Hacking the waste stream at the D.C. Climathon

So much can be done in 24 hours. Innovation and creativity can thrive in only one day, so says the philosophy of the worldwide sustainability event, the Climathon.

Around the globe, green leaders, students, professors, workers in government, and everyday citizens unite for a one-day conference to develop and evolve inventive solutions to pressing environmental issues.

Spanning a record 59 cities in more than 36 countries, the annual Climathon provides the resources and outlet to promote public good. Through Skype video conferences and a constantly refreshed Twitter feed, the worldwide community of social engineers is connected to the fullest, allowing for an extensive exchange of ideas.

In only its second year, the Climathon has solidified itself as one of the most impactful environmental conferences in the world. The D.C. Climathon was hosted by The George Washington University’s Office of Sustainability and held at The George Washington University School of Business.

The Climathon, while fostering a sense of teamwork and collaboration, encourages competition by asking participants to break into teams and focus on developing specific business ideas that allow for a more sustainable future.

The goal of this year’s D.C. Climathon was “Hack the Waste Stream,” calling attention to the expanding problem of 200,000 annual tons of reusable goods plaguing D.C. landfills. Starting at 3 p.m. on Oct. 28, and ending 24 hours later, participants worked throughout the entirety of the event, rejecting sleep in the hopes of perfecting their projects.

The event was “challenging, exhausting, but still fruitful and well worth the endeavor,” says participant Chris Fitch. Ultimately, six teams presented their individual pitches on how to “hack” the waste stream to a panel of judges. The finalists were announced at the commencement of the competition. 

The six ideas of the participating teams not only provided innovative solutions to the discarded durable goods problem, but displayed great creativity and in-depth analysis. The six projects were:

  • Waste Into Textile focuses on converting discarded clothes into high-end fashion pieces that ultimately could generate revenue for low income areas in D.C.
  • Another team suggested replacing the confusing labels on plastic cups and bottles with QR codes. The idea being this will help create a sense of transparency in the plastic industry, and might ultimately encourage companies to use more eco-friendly plastics.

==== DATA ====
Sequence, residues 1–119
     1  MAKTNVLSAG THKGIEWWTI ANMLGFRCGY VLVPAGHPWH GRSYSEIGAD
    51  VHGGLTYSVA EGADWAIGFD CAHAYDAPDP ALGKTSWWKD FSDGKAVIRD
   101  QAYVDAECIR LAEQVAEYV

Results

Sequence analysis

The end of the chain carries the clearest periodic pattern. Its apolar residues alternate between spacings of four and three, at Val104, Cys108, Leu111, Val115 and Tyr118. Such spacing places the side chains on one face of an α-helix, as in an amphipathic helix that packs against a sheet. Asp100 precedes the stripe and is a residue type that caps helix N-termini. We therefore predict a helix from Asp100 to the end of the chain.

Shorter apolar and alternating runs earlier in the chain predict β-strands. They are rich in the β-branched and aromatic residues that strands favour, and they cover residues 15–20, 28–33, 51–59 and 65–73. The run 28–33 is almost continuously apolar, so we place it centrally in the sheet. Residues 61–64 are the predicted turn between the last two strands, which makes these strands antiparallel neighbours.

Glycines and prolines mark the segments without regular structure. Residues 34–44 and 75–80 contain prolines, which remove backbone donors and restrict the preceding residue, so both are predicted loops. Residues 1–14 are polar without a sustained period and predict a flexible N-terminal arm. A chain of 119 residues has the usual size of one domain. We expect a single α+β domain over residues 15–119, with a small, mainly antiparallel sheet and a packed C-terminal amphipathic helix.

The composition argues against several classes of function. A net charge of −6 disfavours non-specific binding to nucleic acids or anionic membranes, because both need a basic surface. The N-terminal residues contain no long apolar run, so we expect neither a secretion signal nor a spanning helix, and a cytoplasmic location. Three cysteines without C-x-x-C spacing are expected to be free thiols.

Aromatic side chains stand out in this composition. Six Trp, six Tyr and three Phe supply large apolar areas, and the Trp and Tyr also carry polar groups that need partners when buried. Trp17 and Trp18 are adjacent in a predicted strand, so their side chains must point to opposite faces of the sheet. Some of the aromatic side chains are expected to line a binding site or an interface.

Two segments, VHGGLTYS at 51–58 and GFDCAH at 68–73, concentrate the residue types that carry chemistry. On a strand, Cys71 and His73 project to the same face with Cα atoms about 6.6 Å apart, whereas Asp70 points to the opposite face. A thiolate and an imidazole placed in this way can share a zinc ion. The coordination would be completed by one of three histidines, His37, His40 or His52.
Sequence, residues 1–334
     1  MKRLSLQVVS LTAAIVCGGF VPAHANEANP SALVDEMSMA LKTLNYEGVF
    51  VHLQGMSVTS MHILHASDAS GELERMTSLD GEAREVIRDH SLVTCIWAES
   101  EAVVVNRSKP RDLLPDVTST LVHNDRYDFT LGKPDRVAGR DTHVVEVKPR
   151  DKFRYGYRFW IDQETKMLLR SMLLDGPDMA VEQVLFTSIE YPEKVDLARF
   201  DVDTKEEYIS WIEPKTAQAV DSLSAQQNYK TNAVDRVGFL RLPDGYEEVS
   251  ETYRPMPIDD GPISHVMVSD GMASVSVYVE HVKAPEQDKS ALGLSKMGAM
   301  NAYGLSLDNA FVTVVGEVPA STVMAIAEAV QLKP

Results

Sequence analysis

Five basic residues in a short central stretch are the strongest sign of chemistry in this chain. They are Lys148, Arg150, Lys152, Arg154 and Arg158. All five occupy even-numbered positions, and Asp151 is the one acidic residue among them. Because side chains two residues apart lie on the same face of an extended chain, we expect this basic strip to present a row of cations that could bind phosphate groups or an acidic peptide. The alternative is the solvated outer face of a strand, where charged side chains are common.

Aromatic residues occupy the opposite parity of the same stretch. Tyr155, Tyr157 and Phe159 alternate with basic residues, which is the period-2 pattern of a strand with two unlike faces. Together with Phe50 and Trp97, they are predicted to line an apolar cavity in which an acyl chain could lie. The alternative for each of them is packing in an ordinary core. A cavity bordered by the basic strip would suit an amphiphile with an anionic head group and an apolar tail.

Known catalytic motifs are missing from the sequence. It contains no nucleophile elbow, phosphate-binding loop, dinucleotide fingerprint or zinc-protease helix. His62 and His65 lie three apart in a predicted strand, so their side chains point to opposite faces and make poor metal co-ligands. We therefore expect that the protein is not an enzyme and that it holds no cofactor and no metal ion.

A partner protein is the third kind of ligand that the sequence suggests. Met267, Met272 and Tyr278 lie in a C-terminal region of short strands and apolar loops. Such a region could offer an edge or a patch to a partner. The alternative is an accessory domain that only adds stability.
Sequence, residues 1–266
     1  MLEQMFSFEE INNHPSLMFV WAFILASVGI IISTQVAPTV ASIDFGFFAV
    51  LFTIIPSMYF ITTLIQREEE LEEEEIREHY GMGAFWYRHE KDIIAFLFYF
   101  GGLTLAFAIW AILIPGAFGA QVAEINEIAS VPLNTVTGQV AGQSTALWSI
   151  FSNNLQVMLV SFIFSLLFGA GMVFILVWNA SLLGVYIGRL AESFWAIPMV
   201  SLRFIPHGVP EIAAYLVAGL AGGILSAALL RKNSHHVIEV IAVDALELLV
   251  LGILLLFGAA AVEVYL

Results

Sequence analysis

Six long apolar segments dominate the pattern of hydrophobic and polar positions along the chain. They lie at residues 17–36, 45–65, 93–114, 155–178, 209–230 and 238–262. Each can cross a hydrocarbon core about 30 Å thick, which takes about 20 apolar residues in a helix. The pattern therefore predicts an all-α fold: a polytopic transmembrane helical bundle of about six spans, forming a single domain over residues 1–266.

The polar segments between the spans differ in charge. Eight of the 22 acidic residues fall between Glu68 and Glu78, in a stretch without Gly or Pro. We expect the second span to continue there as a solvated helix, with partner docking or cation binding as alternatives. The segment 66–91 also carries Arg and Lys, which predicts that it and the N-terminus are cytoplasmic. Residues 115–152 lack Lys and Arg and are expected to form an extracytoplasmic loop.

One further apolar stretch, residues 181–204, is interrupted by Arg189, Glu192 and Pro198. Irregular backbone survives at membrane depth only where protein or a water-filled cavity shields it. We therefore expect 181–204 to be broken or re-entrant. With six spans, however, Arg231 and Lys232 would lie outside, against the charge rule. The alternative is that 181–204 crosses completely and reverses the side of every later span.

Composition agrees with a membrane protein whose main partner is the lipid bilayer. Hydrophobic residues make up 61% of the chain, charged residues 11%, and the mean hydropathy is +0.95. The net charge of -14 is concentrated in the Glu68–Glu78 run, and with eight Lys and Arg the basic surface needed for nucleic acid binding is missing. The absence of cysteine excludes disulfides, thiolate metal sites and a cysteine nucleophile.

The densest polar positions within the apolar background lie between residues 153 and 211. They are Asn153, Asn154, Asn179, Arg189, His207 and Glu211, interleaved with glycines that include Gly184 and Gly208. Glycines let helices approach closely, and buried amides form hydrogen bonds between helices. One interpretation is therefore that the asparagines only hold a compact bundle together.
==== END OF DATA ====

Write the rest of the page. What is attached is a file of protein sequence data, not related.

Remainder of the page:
• Hand-Me-Down-Public-Goods calls for creating a flea market-esque sale in the beginning and end of the collegiate school year. D.C. universities would house leftover/unwanted dorm supplies because “who would want to bring a mattress pad back to Utah?” and eventually sell it to incoming college students as a cheaper alternative than purchasing new. This can reduce waste by providing a concrete outlet for reusing goods, and also offer the backing of the university as to its quality.
  • Plot Twist, a business designed to address waste from construction sites, takes unwanted materials that would be hauled off to landfills, and repurposes them to make aesthetically pleasing community landscapes.
  • Journeyture, a mashup of the words journey and furniture, focuses on providing affordable high-end furniture to “nomadic young professionals,” such as young 20-something-year-old entrepreneurs, who are always on the move in the city.
  • The Silent Recyclers, presented by three deaf innovators, aims to reuse appliances and discarded metals in creating aesthetically pleasing works of art that can be sold to local businesses. This operation will offer work primarily to the deaf community, most of whom are unemployed and looking for work. This mirrors Junkyard Cathedral in Austin, Texas, a new age and beautiful maze of recycled metals that is accessible and beloved by the public.

All presentations proved to be impactful and good for the community through promoting economic growth or environmental protection. Fifteen participants proved that if you have an idea in your head and the enthusiasm to pursue it, an adaptable plan can be implemented to make the world a better place.

The four finalist teams are Waste Into Textile, Hand-Me-Down-Public-Goods, Journeyture and The Silent Recyclers. These teams will turn in a feasibility report by Dec. 5, and a winner will be chosen on Dec. 12. This winner will receive an advantage to the third round of the GW New Venture Competition, technical support from SWANA (Solid Waste Association of North America) and a $1,000 prize to advance their ideas, provided by Climathon sponsor Waste Connections.

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